News release

Glass’ “Annunciation” Premieres

A 24-year friendship between Nebraska’s Paul
Barnes and world-renowned composer Philip Glass
brought the world premiere of Glass’ new piano
quintet “Annunciation” to Nebraska. It was part of a
2018 concert, “A Celebration of Philip Glass,” at the
Lied Center for Performing Arts. Glass attended the
concert. Barnes and the Chiara String Quartet
performed “Annunciation,” which is based on a Greek
Orthodox communion hymn for the Feast of the
Annunciation. The concert included other Glass
pieces, Byzantine chant performed by vocal
ensemble Cappella Romana and a performance of
Glass’ Piano Concerto No. 2 “After Lewis & Clark”
featuring Native American flute player Ron Warren
and the university’s Symphony Orchestra. Barnes,
Marguerite Scribante Professor of Music, has
collaborated with Glass since 1995. “Annunciation”
originated from one of their earliest conversations.
Barnes retains exclusive rights to the piece for
two years.

 News release

Estimating Urban Water Use

As towns and cities grow, community planners need effective tools to manage urban water resources. Nebraska researchers and state natural resources experts have developed a novel method for estimating future residential consumptive water use – the water that isn’t recycled. The method will help planners design more water-efficient and drought-resilient residential areas. The approach is faster and more cost-effective than is currently available, said project leader Zhenghong Tang, who holds the Hyde Architectural Professorship. To estimate urban consumptive water use in populated areas, the method pairs water use data with high-resolution aerial images gathered from geographical information systems. The images reveal landscape features that directly affect water loss. “It is critical to plan for population and industry growth in urban areas when developing integrated water management plans,” Tang said. The study was published in the journal Sustainable Cities and Society.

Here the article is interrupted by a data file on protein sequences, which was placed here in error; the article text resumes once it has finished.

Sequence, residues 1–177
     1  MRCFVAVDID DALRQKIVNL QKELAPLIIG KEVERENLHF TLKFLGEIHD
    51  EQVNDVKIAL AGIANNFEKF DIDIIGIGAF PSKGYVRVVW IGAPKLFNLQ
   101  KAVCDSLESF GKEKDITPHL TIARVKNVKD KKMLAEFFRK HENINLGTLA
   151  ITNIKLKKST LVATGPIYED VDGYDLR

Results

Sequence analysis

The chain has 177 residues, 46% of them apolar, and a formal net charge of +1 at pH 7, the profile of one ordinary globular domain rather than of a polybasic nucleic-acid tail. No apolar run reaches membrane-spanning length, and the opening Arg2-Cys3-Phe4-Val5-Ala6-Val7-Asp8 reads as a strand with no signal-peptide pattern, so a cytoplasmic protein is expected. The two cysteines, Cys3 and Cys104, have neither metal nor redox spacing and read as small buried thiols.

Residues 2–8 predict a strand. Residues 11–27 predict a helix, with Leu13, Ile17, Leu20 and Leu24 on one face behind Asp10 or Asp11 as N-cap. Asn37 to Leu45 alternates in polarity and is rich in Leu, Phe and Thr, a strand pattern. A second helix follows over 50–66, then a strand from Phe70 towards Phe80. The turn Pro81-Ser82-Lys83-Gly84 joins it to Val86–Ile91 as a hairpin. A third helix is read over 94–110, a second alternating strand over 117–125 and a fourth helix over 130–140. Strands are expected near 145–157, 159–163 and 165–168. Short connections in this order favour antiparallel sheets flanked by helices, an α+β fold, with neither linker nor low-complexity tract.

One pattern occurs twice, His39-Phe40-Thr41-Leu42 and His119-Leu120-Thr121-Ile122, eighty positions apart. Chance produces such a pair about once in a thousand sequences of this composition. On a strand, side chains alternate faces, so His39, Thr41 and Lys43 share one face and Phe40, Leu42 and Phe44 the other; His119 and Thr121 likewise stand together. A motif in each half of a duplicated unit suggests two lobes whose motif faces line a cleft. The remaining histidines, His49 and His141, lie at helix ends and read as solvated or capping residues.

News release

NSRI Earns New Contract

The University of Nebraska’s National Strategic
Research Institute received a new five-year, $92
million contract from the U.S. Air Force to continue
researching methods to combat weapons of mass
destruction and protect the nation and its allies.
The contract allows NSRI, a partnership with U.S.
Strategic Command, to expand research across
all four Nebraska campuses. NSRI focuses on five
core areas: nuclear detection and forensics,
detection of chemical and biological weapons,
passive defense against weapons of mass
destruction, consequence management and other
mission-related research. Since its founding in
2012, NSRI has engaged more than 241 Nebraska
faculty, researchers and students from numerous
disciplines on more than 80 research projects. The
institute is one of 13 university-affiliated research
centers nationally. “Our continued momentum
and NSRI’s unique focus are delivering results on
behalf of Nebraskans and all Americans,” said
Chancellor Ronnie Green.

 News release

Testing Limits of Virtual Reality Education

Nebraska researchers, working with Nebraska
Educational Telecommunications, are testing the